Republican filibuster of student loans comes at bad time
Published: Monday, May 14, 2012
Updated: Monday, May 14, 2012 01:05
With Americans owing more than $1 trillion in student loan debt, the Senate’s filibuster last week of a Democratic proposal to freeze student loan
interest rates could not come at a worse time.
While Democrats propose to fund the difference in interest rates — which will automatically double on July 1, if no legislation is passed to delay that date — by no longer allowing small business owners earning more than $25,000 to avoid payroll taxes, Republicans propose to cut funding from the 2010 Affordable Care Act, in turn cutting funding to cervical and breast cancer screenings, diabetes treatments and childhood immunizations.
Though both parties have assured that they wish to see the extension of the low rates, if Congress cannot set aside their politics by July 1 to figure out how to make up the difference, an estimated 7.4 million students will see their loan interest rates double, according to the New York Times.
A Times analysis of data from the Department of Education found that 94 percent of students pursuing a bachelor’s degree borrow money, while 45 percent did so in 1993. From those who started repaying their loans in 2009, about one out of every 10 borrowers defaulted within two years.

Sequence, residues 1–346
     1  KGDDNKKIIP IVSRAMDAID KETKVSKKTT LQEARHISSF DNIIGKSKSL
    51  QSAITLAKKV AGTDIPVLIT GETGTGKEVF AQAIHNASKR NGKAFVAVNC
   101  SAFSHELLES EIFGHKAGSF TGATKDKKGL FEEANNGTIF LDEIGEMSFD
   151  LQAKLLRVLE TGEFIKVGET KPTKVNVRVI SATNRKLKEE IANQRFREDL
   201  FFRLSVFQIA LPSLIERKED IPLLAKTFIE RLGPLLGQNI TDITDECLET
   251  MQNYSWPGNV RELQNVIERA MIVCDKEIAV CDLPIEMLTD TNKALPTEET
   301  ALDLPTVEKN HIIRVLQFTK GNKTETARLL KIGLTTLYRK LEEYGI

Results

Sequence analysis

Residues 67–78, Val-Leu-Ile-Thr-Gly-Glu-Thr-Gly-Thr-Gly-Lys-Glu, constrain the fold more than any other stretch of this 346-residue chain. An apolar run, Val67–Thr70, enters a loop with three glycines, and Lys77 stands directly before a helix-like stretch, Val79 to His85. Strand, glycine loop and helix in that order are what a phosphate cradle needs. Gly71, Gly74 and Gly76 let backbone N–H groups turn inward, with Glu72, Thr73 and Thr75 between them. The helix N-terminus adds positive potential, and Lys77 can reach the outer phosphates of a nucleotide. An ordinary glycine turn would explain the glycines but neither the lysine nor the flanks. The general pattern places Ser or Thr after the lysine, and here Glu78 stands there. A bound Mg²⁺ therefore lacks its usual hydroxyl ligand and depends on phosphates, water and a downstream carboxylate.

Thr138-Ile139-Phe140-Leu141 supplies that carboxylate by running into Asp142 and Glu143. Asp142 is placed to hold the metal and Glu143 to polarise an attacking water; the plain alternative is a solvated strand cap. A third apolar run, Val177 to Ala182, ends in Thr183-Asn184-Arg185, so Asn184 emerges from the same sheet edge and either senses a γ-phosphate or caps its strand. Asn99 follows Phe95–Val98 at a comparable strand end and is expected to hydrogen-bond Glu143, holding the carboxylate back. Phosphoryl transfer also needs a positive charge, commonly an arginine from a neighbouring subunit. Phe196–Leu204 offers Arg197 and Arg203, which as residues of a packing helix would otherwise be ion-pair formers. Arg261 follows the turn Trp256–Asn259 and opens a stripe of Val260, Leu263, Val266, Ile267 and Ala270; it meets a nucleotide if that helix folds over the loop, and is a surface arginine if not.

And the increasing debt has led to a much larger problem.
According to a study by Rutgers University, 40 percent of recent college graduates interviewed said they delayed making major purchases because of the debt they had to put off. More than 25 percent moved in with relatives or paused their pursuit of education because of money, and about half had a full-time job.
According to the College Board, students in 2011 borrowed about two times as much as they did 10 years ago.
With the increasing need for loans to continue higher education, students can’t afford an increase in interest rates.
The potential interest rate increase is compounded by recent lawsuits by the federal government against those who do not repay their loans. In 2011, the federal government sued 4,328 people for old debts nationally, which was 43 percent more than it had a year prior.
When the gov ernment gives out federal loans, it does not take into account the borrower’s ability to repay the loans.
Avoiding loans altogether is not a realistic solution, especially for students who have no other means of continuing their education without them.
The fact that the loans must be paid off eventually and are not forgiven by bankruptcy creates a seemingly endless spiral toward debt with no tangible solution.
Students take out loans that they will be very unlikely to pay off. As tuition increases and the job market declines, graduates are thrust into a world where they are expected to pay off high debts with jobs they do not have and salaries that cannot sustain.
It is time for the political parties to set aside their differences and work toward a comprehensive solution that will not only alleviate student Stafford loan stress, but will also bode well for future generations.
Zein Kattih is a sophomore majoring in cellular and molecular biology.